Post modern portfolio theory

History[ edit ] The term post-modern portfolio theory was created in by software entrepreneurs Brian M. Rom and Kathleen Ferguson to differentiate the portfolio-construction software developed by their company, Investment Technologies, from those provided by the traditional modern portfolio theory.

Post modern portfolio theory

Login This article was published on May 15, The investment strategy and opinions expressed in this article are those of the author and do not necessarily reflect those of the publisher, staff or editors at Uncommon Wisdom Daily or Weiss Research.

For some of you, this may seem like it is a "pie-in-the-sky" theory. Harry Markowitz published this concept in March in a Journal of Finance article called "Portfolio Selection," and further developed it in a book called "Portfolio Selection: Efficient Diversification of Investments.

Harry is the man, plain and simple. The end of mobile? Get all the details in just a few short hours. Simply turn up your speakers and click this link 15 minutes before noon Eastern time. I replied to him that he had just met Harry Markowitz, to which he replied, "How did you know his last name?

Markowitz noted that he called it "Portfolio Theory" because "There is nothing modern about it. A great way to think about MPT is that it causes one to not "put all their eggs in one basket.

He is doing investors a service with this work. However, investors could benefit from taking it one step further. The missing piece for investors is knowing which assets to just avoid because they offer little return and greater risk than other assets.

Given the draw-downs that most reading this article have lived through, it is understandable how many investors are willing to consider or be sold the PMPT approach.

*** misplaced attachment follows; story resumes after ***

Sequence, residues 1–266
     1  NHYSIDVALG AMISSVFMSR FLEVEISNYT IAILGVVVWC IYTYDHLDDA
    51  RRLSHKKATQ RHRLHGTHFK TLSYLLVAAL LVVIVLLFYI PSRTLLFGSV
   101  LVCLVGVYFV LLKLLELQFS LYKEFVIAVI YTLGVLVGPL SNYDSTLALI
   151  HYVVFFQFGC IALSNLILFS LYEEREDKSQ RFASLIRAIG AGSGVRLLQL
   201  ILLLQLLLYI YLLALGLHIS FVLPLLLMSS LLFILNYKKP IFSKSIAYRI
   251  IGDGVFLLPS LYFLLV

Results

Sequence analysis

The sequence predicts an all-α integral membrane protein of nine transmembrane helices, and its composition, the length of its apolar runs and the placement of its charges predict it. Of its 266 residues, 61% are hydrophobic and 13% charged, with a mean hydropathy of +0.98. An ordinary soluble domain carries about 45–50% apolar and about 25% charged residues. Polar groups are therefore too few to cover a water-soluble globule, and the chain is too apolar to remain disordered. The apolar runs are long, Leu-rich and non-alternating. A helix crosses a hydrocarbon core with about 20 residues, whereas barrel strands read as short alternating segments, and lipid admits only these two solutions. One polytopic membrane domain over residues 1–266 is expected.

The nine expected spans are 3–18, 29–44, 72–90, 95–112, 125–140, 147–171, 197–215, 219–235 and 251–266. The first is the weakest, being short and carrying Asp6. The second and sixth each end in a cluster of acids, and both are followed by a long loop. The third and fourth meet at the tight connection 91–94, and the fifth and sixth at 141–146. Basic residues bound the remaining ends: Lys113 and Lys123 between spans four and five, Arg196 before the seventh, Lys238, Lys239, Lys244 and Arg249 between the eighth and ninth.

Post modern portfolio theory

All investors have a certain risk profile. Many know that a year-old has a greater risk tolerance than a year-old. The logic goes that a year-old has more time to make up for a bear market than a year-old does. The PMPT crowd argues that measuring the risk to get a return with minimal risk is more important.

MPT finds that a loss of greater than How do we explain that?Post-Modern Portfolio Theory (PMPT) is a portfolio optimization methodology that uses the downside risk of returns instead of the mean variance of investment returns used by modern portfolio.

Modern portfolio theory (MPT), or mean-variance analysis, is a mathematical framework for assembling a portfolio of assets such that the expected return is maximized for a given level of risk. It is a formalization and extension of diversification in investing, the idea that owning different kinds of financial assets is less risky than owning only one type.

Post-modern portfolio theory (or PMPT) is an extension of the traditional modern portfolio theory (MPT, which is an application of mean-variance analysis or MVA).

3 Flaws With Post-Modern Portfolio Theory - Uncommon Wisdom Daily

Both theories propose how rational investors should use diversification to optimize their portfolios, and how a risky asset should be priced. Post-modern portfolio theory is built on a deeper relationship between client and advisor, where the conversation focuses on the client experience as opposed to statistical metrics.

3 Flaws With Post-Modern Portfolio Theory Posted on May 15, by Geoff Garbacz If you have a money manager in charge of your assets, then there is a good chance he or she may be using Modern Portfolio Theory (MPT) to manage the portfolio in which your assets are domiciled.

Post-modern portfolio theory (or PMPT) is an extension of the traditional modern portfolio theory (MPT, which is an application of mean-variance analysis or MVA).

Both theories propose how rational investors should use diversification to optimize their portfolios, and how a risky asset should be priced.

Post-Modern Portfolio Theory (PMPT)